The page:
How to Rebuild Credit

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Credit's one of those things we tend to ignore until our mid-20s, and sometimes we accidentally trash it with less than optimal choices. My own personal blunder was getting an electronics store credit card for a single purchase only to cancel it immediately after. And my credit took a hit. Whoops. Not a very compelling story, I know, but that's what happens when you're a tad too straight-laced (still working up the courage to ride my first roller coaster.) 
 
But for those who were a bit more adventurous than me, rebuilding credit can be a real drag. Especially if you're looking to buy a car (wink--wink) or get set-up with your first mortgage. As far as the most effective ways to fix bad credit, here are a few immediate actions you can take to get yourself back up to those sweet, sweet 700 scores.
 
Get Your Credit Report
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Step one to better credit is knowing where you currently stand. Turns out all those "free credit score" commercials weren't just blowing smoke.
 
There are a number of sites that you can use to access your score, one of the most well-known being Credit Karma. Don't worry, I've used it myself, and it really is free (and I don't a sharpened pencil to my head as I type this.) 
 
Once you have your score, you'll want to do a thorough check of the reports to make sure there aren't any errors such as, incorrect late payments or mysterious credit cards being opened. If there are, you will want to get in contact with the FTC (Federal Trade Commission) and make a dispute to have it removed.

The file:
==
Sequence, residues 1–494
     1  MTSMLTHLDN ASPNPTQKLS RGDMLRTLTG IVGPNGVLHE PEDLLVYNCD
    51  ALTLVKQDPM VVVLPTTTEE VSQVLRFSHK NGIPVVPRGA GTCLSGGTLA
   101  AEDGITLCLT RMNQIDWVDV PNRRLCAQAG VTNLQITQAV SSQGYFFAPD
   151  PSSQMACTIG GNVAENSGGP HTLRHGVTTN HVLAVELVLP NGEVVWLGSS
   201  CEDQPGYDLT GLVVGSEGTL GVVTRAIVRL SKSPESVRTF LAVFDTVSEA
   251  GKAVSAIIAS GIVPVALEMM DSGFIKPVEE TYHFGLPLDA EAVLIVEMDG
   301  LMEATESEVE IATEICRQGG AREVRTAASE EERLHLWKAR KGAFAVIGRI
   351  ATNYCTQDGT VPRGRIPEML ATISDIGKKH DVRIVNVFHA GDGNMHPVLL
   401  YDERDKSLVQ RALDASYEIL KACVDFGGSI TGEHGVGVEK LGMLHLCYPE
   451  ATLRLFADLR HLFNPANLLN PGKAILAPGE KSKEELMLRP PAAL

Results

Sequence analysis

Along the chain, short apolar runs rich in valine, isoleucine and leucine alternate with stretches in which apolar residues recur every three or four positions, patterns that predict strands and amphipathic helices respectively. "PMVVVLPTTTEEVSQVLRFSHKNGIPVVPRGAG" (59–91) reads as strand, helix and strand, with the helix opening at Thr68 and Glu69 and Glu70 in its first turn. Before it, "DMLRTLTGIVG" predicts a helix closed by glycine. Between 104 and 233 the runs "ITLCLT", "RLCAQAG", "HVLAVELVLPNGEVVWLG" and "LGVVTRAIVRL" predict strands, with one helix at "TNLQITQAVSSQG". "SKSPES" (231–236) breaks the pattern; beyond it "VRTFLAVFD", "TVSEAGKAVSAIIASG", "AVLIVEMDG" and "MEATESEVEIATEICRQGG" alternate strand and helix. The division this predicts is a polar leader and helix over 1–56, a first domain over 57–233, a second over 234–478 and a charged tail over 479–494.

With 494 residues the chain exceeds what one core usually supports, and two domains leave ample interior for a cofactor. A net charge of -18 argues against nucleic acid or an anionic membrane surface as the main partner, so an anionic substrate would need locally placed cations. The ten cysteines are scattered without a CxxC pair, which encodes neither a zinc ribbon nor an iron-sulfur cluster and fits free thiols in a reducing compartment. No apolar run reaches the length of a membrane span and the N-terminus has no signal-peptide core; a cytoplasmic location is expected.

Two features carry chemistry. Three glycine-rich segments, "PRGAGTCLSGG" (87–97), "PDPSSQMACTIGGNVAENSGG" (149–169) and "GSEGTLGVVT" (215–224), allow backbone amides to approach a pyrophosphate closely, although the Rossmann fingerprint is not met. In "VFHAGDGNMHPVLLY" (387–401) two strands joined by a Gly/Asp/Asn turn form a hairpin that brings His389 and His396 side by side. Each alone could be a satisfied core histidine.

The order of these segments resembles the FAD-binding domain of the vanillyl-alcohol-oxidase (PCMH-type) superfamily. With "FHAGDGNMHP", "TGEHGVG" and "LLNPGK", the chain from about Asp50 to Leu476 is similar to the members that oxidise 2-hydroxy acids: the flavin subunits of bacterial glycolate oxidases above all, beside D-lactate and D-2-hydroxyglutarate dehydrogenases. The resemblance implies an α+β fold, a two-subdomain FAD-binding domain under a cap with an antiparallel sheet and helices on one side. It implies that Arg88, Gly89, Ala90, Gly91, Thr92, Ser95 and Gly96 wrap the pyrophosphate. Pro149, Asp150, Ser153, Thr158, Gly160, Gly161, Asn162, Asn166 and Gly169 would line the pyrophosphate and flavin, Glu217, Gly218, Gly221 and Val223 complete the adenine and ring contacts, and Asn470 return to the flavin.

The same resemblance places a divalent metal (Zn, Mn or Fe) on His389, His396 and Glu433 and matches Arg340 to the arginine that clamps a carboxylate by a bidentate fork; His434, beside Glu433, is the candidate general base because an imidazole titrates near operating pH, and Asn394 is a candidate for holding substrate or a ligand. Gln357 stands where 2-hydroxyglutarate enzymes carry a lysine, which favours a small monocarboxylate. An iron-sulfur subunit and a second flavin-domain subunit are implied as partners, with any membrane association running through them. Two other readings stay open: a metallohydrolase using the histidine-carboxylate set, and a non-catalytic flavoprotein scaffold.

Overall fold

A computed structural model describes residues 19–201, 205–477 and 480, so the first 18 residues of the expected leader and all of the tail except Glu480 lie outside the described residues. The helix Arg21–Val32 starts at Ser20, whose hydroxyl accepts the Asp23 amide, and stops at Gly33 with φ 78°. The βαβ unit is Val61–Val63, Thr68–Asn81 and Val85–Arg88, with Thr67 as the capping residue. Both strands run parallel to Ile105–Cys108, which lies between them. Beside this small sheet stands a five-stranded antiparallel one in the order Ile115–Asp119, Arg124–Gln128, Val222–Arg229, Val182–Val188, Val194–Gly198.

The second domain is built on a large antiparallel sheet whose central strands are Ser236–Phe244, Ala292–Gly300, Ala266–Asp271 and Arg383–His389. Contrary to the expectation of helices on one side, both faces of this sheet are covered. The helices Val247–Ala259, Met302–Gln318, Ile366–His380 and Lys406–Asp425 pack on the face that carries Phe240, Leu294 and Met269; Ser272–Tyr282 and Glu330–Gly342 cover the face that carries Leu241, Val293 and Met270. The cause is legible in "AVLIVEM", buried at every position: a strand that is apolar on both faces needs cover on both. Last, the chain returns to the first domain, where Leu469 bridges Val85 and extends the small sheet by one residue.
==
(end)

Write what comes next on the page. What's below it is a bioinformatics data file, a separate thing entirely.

Once you've verified everything, we can move to the next step.
 
Make All of Your Payments On-Time
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While this can be easier said than done, on-time payments are a surefire way to recover a credit score. If you have to, set calendar reminders on your phone to know when you need to pay certain bills and mold your budget around ensuring you have money available to pay it. Many companies also offer an automatic payment, meaning the bill will be automatically pulled from your bank account each month.
 
This step definitely requires the most math, but showing the bank that you can make reliable and consistent payments will help your credit recover.
 
Go Above the Minimum Payment
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Banks tend to frown on minimum payments for things like loans or credit cards, and it can affect your score. If you are able, pay at least a little more above the minimum requirement to help give your score a boost. 
 
Avoid Opening or Closing too Many Accounts
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This is especially true if you don't have a long credit history, and it can be a red flag for banks when they see someone constantly opening or closing accounts. Pick one or two credit cards and stick with them. If you do need to close or open one, make sure they are spread out over time or until you've built sufficient credit history.
 
Spread the Debt
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Instead of pouring all of your money into paying off one of three credit cards, you want to spread that money over all three, paying them down together. Higher balances can hurt your score more, even if you have fewer cards.
 
Talk to Your Creditors
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Truth is, creditors want us to be debt free as much as we do (at least until we have good credit again...but hopefully we'll be wiser the next time around,) and many are willing to work with you to help you manage your payments and get you caught up. It never hurts to give them a call and try to work out a payment plan that makes both parties happy. 
 
Good Credit Takes Time
In this world of instant gratification, credit is not part of it. It really comes down to patience and discipline. 
 
On that note, I wish you the best of luck in your quest for that awesome score you deserve!
 
Written by Tyler Wright
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